Rocket Report: Branson sells Virgin Galactic shares, LEGO’s deep-space rocket

Patrick
Enlarge / The Rocket Report is published weekly.

Welcome to Edition 2.44 of the Rocket Report! There’s so much to get to in this week’s report, but we’d like to call special attention to a busy launch weekend with the potential for two launches within 24 hours from Cape Canaveral, Florida. This would set a record for the Cape and it would be cool to see an Atlas V and Falcon 9 take off in such quick succession.

As always, we welcome reader submissions, and if you don’t want to miss an issue, please subscribe using the box below (the form will not appear on AMP-enabled versions of the site). Each report will include information on small-, medium-, and heavy-lift rockets as well as a quick look ahead at the next three launches on the calendar.

Branson to sell some of his Virgin Galactic shares. Sir Richard Branson, the founder and largest shareholder of suborbital spaceflight company Virgin Galactic, will sell more than a fifth of Virgin Group’s majority stake in the company to raise funds to aid its other companies affected by the pandemic, SpaceNews reports.

Needing some cash flow … Branson plans to sell up to 25 million shares, accounting for about 22 percent of his overall stake in the company. That sale would generate $485 million at the price of $19.40 per share at the close of trading May 11. Many of Branson’s businesses are being hit hard by the COVID-19 crisis, which increases the need for Virgin Galactic and Virgin Orbit to begin commercial spaceflights soon. (submitted by DanNeely and JohnCarter17)

Shakeout looming in smallsat launch industry. In an interview with SpaceNews, Rocket Lab Chief Executive Peter Beck reiterated that the small-satellite launch industry is one of the most fragile sectors of the defense industrial base. “Too many companies are going after a market opportunity that’s only really big enough for two,” Beck said.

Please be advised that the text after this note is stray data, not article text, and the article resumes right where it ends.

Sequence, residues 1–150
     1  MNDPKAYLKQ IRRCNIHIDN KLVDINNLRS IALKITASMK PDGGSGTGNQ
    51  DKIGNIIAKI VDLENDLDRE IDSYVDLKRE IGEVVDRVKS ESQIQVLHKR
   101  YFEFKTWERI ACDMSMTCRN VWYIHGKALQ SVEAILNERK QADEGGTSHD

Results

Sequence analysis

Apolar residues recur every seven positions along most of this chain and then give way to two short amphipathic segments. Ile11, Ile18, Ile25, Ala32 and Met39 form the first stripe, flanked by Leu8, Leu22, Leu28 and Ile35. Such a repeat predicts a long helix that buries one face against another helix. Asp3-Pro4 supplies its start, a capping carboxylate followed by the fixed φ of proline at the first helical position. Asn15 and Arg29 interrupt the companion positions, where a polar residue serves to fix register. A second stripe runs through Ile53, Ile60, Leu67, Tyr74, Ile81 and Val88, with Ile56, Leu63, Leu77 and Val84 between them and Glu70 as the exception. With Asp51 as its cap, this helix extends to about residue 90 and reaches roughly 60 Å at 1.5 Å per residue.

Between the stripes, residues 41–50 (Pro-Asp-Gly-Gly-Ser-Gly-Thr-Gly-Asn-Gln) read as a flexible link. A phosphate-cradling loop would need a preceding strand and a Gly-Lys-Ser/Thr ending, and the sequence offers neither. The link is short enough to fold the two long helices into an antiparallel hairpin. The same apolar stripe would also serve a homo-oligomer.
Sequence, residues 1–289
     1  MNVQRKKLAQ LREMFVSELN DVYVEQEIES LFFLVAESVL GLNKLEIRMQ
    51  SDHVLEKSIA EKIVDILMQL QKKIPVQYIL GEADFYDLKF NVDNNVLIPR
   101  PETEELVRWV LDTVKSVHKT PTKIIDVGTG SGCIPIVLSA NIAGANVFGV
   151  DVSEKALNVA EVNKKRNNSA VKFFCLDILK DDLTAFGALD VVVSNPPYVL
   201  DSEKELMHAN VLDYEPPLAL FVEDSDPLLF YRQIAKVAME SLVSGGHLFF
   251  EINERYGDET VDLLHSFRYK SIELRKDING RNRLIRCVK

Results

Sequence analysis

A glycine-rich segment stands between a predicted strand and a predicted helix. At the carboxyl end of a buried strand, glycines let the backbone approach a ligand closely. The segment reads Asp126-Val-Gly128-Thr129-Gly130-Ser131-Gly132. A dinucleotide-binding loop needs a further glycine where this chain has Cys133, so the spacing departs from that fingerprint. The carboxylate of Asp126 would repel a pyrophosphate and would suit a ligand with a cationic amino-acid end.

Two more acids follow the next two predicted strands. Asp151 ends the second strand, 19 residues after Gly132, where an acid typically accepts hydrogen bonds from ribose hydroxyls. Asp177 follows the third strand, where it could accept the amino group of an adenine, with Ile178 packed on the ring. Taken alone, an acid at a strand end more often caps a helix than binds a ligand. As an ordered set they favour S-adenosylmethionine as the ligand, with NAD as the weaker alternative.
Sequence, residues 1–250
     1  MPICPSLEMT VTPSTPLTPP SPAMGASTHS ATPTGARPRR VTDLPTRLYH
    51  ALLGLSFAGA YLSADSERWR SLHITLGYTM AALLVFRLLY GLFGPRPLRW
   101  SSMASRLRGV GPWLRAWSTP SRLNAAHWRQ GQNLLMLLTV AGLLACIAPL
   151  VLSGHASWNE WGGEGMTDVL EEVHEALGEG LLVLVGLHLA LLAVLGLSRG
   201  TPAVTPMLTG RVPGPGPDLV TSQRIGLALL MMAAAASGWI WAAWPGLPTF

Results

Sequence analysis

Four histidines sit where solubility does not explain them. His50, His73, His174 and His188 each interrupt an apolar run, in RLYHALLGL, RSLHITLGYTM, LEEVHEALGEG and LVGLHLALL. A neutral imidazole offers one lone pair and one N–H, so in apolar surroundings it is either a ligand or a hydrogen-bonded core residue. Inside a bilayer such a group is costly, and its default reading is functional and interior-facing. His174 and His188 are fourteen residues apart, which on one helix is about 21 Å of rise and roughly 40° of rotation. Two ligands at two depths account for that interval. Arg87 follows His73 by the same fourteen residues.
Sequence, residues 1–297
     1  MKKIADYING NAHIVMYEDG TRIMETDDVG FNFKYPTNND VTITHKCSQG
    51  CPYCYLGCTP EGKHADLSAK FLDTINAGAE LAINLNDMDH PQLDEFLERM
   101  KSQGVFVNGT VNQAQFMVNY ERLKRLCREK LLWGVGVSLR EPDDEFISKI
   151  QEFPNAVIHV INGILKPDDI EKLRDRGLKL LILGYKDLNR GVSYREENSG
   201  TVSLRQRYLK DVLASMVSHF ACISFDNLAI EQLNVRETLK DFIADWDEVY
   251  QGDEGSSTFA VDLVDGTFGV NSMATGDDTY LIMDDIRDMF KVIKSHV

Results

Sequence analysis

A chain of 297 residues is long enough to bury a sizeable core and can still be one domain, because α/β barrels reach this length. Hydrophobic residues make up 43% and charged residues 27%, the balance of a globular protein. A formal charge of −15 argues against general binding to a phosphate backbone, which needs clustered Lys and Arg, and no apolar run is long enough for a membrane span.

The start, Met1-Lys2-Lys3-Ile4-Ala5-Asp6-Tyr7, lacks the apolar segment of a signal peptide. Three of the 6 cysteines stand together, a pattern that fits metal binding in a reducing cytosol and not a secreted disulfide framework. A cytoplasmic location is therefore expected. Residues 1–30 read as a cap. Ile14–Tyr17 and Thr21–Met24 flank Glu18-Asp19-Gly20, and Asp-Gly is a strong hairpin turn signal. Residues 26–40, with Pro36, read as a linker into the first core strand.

Who will be left standing? … A recent study by Quilty Analytics estimated there are well over 100 small launch companies. “Nearly all of the contenders will fail, though there is room for perhaps two winners among the venture space launch field,” said the study. Rocket Lab, of course, expects to be among those left standing, and this seems reasonable since it is the only company presently flying. (submitted by platykurtic and Ken the Bin)

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There are now a dozen US spaceports. Last week the FAA’s Office of Commercial Space Transportation issued a launch-site operators license, better known as a spaceport license, to the Titusville-Cocoa Airport Authority. While some of the 12 FAA-licensed spaceports in the United States have high-profile customers—like Spaceport America in New Mexico, which serves as the home base for Virgin Galactic’s suborbital SpaceShipTwo vehicle—many of the others have no launch companies using them, SpaceNews reports.

Staffing up to meet demand … To help support a growing number of launch sites, Congress directed the FAA in a 2018 reauthorization bill to establish an Office of Spaceports. The FAA formally opened the office as part of a reorganization announced in early April. It will address issues such as licensing, infrastructure improvements, technical support and promotion of spaceports, as well as strengthening the resilience of the commercial space transportation infrastructure.

Relativity completed printed-tank test. Relativity Space passed a key milestone this winter when it conducted a series of tests using a 3D-printed tank, which the company increasingly pressurized until it burst. “It’s a pretty big deal to show that the materials actually work and the manufacturing process actually works,” Relativity CEO Tim Ellis told CNBC.

Testing the tiny tank … Although the tank was a fifth the size of the one that will be used for Relativity’s Terran 1 rocket, it was structurally representative of the pressures and stress that the full-size rocket would undergo during a launch. Ellis said the tank burst at about “10 percent more than the requirements with the safety factor” needed for a launch. “It’s definitely sufficient for the whole launch vehicle,” Ellis said. (submitted by Unrulycow and Ken the Bin)

Rocket Crafters concluded 3D-printed-engine tests. The Florida rocket development company said Wednesday it had concluded a new round of test-firings of its hybrid rocket engine, and it plans a test flight with a small rocket in New Mexico later this year, UPI reports. The relatively small Comet engine has 5,000 pounds of thrust.

Next stop, New Mexico … “We’re excited about the data we’ve seen and to fly a rocket soon,” said Rob Fabian, the company president. “The engine performance for the tests were on track with models.” Rocket Crafters plans to test-launch a sounding rocket, or small rocket, to about to about 20km from New Mexico’s Spaceport America, but a date has not yet been set. (submitted by Ken the Bin)

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